ROCKVILLE, Md. -- A Food and Drug Administration advisorycommittee on Thursday voted unanimously to recommendapproval of Miles Laboratories' recombinant Factor VIII bloodclotting agent for hemophilia A patients.
The nine-member Blood Products Advisory Committeerecommended use of the Miles product, licensed fromGenentech Inc., both in patients previously treated with bloodproducts and for those who have not been treated forhemophilia.
The committee also recommended approval of an rFVIIIproduct developed by the Hyland Division of Baxter HealthcareCorp. under license from Genetics Institute Inc., but only forpreviously treated hemophilia A patients.
The majority voted against recommending approval of Baxter'srFVIII for previously untreated patients (PUPs). Members saidthey did not receive sufficient data from Baxter to recommendthat approval.
Genentech stock (NYSE:GNE) closed unchanged Thursday at $31;Genetics Institute (NASDAQ:GENI) was up 25 cents at $39.13.
rFVIII is the largest and most complex protein ever cloned andreproduced by genetic recombination for human use, and it is"the ultimate answer to providing viral safety to all hemophiliaA patients," said Dr. Craig M. Kessler, associate medical directorof the National Hemophilia Foundation.
Kessler noted that viral inactivation and elimination procedureshave largely eradicated the threat of contamination byhepatitis and HIV viruses of the highly purified plasma-derived FVIII products now used as a clotting agent forhemophiliacs. But, he said, there are concerns about shortagesof plasma-derived products and the appearance of viruses thatcannot be inactivated or eliminated.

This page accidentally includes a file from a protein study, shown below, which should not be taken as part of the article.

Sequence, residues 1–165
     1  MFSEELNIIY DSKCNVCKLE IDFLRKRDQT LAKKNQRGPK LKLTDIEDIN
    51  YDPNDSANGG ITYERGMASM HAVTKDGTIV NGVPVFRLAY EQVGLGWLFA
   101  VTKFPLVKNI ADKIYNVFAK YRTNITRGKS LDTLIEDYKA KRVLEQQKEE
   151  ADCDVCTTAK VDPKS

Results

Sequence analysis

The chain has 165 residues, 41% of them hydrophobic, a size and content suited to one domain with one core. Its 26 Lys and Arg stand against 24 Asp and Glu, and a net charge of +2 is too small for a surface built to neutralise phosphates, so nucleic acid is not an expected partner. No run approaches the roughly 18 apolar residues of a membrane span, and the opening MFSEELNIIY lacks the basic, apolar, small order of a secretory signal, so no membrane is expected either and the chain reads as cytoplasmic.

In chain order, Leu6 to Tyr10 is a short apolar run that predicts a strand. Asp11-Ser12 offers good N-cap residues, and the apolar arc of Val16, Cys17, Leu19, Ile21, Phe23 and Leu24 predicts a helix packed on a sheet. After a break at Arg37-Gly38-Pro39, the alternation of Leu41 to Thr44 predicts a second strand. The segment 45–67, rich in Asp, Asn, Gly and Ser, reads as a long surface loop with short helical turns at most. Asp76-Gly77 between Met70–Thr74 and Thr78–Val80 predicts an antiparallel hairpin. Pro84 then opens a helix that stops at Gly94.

The committee did not find that Baxter's rFVIII was any lesssafe or effective than the Miles product, said Paul Haas, a non-voting member who represents consumers and a professor ofeconomics at Bowling Green State University in Ohio. "We areuncomfortable with the data that we have (from Baxter) onlybecause there isn't enough there to look at," Haas said.
Baxter presented data on 42 patients after 15 months ofclinical trials, while Miles' study of 72 PUPs began in January1989.
Earlier studies have shown that patients treated with FVIIIdevelop immunoglobins that act as inhibitors to the agent.Clinical data presented by both companies indicated that PUPsare more likely to develop inhibitors than patients previouslytreated with blood products.
The committee acknowledged that inhibitors were "low leveland transient" in rFVIII, while plasma-derived productgenerates high levels. Members voted to recommend continuedstudies of inhibitors in PUPs.
The number of PUPs is relatively small and consists largely ofthe 400 to 500 hemophilic newborns each year in the UnitedStates, said a Miles spokesman. There are 20,000 previouslytreated hemophiliacs, of which about 12,000 require activetreatment, he said.
Miles has received orphan drug status for its product. However,the two companies previously agreed that if either won orphanstatus, the other company would be allowed to market itsrFVIII, Carl Brooks, president of Baxter's Hyland Division, toldBioWorld.
In 1989, GI and Baxter announced a worldwide patent cross-licensing agreement with Genentech and Miles.
-- Kris Herbst BioWorld Washington Bureau
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